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Vegetarian diets and cardiovascular risk factors in black members of the Adventist Health Study-2

  • Gary Fraser (a1), Sozina Katuli (a1), Ramtin Anousheh (a2), Synnove Knutsen (a1), Patti Herring (a3) and Jing Fan (a4)
  • DOI:
  • Published online: 17 March 2014

To compare cardiovascular risk factors between vegetarians and non-vegetarians in black individuals living in the USA.


A cross-sectional analysis of a sub-set of 592 black women and men enrolled in the Adventist Health Study-2 (AHS-2) cohort of Seventh-day Adventists.


Members of the AHS-2 cohort, who lived in all states of the USA and provinces of Canada.


Black/African-American members of two sub-studies of AHS-2 where blood and physiological measurements were obtained.


Of these women and men, 25 % were either vegan or lacto-ovo-vegetarians (labelled ‘vegetarian/vegans’), 13 % were pesco-vegetarian and 62 % were non-vegetarian. Compared with non-vegetarians, the vegetarian/vegans had odds ratios for hypertension, diabetes, high blood total cholesterol and high blood LDL-cholesterol of 0·56 (95 % CI 0·36, 0·87), 0·48 (95 % CI 0·24, 0·98), 0·42 (95 % CI 0·27, 0·65) and 0·54 (95 % CI 0·33, 0·89), respectively, when adjusted for age, gender, education, physical activity and sub-study. Corresponding odds ratios for obesity in vegetarian/vegans and pesco-vegetarians, compared with non-vegetarians, were 0·43 (95 % CI 0·28, 0·67) and 0·47 (95 % CI 0·27, 0·81), respectively; and for abdominal obesity 0·54 (95 % CI 0·36, 0·82) and 0·50 (95 % CI 0·29, 0·84), respectively. Results for pesco-vegetarians did not differ significantly from those of non-vegetarians for other variables. Further adjustment for BMI suggested that BMI acts as an intermediary variable between diet and both hypertension and diabetes.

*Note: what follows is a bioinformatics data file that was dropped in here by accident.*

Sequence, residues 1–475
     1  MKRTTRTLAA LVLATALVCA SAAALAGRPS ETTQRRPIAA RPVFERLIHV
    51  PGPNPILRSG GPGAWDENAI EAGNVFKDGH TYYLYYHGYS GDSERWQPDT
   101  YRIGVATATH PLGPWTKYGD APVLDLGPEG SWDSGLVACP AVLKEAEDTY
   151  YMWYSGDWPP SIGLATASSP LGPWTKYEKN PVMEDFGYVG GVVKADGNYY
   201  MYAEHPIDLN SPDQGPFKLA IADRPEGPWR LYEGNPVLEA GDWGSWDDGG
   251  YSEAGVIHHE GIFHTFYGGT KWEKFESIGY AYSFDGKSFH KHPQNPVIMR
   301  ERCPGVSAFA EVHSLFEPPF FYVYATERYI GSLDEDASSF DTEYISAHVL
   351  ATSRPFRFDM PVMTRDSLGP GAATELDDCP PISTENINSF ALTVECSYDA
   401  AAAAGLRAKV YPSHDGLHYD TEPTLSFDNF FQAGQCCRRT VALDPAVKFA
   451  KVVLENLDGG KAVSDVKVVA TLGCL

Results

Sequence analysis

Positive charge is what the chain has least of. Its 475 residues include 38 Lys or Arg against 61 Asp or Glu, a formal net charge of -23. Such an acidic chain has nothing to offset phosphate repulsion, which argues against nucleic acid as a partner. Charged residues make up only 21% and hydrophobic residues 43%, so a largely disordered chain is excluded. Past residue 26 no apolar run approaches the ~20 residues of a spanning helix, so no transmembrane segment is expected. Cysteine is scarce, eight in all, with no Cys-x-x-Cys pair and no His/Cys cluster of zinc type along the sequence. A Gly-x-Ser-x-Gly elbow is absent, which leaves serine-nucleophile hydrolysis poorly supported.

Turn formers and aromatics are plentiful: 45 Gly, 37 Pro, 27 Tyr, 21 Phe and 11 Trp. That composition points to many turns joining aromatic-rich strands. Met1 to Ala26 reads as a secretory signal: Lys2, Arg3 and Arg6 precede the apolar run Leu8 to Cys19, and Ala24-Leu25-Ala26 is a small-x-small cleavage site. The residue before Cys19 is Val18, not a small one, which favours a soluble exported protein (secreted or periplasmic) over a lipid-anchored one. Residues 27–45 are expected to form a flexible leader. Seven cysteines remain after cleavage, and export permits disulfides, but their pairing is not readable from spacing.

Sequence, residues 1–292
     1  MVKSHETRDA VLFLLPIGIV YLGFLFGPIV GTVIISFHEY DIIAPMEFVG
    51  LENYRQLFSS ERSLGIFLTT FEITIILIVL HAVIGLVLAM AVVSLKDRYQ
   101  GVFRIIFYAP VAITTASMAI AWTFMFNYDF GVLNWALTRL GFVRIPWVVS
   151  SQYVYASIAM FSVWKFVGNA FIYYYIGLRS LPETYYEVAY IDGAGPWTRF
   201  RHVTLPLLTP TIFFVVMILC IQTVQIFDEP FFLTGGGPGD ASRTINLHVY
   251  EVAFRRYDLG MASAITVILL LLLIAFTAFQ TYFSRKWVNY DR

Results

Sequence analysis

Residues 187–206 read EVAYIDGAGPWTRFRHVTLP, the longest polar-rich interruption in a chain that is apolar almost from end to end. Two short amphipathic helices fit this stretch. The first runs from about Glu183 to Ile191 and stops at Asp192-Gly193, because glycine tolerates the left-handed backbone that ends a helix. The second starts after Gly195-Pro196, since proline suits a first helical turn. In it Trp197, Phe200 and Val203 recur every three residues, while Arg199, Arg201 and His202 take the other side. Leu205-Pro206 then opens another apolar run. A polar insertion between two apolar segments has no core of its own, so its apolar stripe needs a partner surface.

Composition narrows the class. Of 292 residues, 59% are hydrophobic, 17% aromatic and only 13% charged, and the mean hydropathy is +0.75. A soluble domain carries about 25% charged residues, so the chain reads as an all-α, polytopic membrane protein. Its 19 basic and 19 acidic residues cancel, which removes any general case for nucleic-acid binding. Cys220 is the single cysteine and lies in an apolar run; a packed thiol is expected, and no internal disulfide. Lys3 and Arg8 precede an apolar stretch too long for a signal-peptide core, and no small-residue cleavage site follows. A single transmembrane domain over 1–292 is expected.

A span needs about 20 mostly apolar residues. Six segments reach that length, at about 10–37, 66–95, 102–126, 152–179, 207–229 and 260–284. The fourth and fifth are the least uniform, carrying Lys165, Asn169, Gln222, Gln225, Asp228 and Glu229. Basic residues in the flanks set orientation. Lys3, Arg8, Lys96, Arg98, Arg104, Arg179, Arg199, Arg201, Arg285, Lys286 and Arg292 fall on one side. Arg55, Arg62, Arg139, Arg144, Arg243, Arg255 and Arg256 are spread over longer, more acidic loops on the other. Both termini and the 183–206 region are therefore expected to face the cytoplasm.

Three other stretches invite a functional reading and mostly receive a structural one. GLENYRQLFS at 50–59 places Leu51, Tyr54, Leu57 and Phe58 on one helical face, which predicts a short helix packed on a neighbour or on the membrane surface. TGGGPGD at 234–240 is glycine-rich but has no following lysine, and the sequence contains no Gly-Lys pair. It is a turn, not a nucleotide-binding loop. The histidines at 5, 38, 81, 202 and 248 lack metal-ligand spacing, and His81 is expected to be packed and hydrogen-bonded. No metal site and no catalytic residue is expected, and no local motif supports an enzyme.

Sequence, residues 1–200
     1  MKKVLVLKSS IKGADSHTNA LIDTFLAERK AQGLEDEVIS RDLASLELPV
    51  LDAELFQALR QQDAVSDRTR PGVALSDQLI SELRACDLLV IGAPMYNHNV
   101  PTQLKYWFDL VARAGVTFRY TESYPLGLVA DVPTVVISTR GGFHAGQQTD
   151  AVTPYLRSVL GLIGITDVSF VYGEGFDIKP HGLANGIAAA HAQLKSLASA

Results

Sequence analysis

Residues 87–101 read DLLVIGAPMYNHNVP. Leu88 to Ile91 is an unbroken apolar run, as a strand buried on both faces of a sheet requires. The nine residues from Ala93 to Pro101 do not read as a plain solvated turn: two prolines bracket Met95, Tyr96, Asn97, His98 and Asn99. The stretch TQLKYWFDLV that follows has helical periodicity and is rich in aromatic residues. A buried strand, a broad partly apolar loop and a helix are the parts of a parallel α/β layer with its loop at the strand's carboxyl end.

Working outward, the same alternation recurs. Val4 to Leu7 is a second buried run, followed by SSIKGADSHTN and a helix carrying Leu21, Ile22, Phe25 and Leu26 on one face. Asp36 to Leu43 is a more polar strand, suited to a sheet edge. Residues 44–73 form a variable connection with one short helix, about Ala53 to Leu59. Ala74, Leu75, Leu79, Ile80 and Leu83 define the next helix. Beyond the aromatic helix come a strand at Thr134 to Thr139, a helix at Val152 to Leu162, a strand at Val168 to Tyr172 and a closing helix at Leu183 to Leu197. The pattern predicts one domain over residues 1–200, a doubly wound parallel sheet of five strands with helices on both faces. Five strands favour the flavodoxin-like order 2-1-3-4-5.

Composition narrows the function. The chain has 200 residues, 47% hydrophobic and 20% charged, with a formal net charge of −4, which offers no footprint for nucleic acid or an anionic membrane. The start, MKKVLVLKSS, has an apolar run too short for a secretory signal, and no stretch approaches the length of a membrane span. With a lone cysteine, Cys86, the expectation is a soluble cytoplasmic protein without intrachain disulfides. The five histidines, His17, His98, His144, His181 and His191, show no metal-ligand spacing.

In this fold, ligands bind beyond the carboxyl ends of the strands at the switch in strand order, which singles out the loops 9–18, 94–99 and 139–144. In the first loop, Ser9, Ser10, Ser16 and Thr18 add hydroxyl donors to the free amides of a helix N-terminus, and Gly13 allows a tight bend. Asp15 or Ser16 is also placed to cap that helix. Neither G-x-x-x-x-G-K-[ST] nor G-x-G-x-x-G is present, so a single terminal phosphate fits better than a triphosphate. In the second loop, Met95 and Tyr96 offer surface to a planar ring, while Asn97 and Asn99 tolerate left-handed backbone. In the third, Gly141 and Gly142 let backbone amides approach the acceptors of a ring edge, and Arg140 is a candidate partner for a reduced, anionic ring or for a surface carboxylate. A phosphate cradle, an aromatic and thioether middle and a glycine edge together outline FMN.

As with non-blacks, these results suggest that there are sizeable advantages to a vegetarian diet in black individuals also, although a cross-sectional analysis cannot conclusively establish cause.

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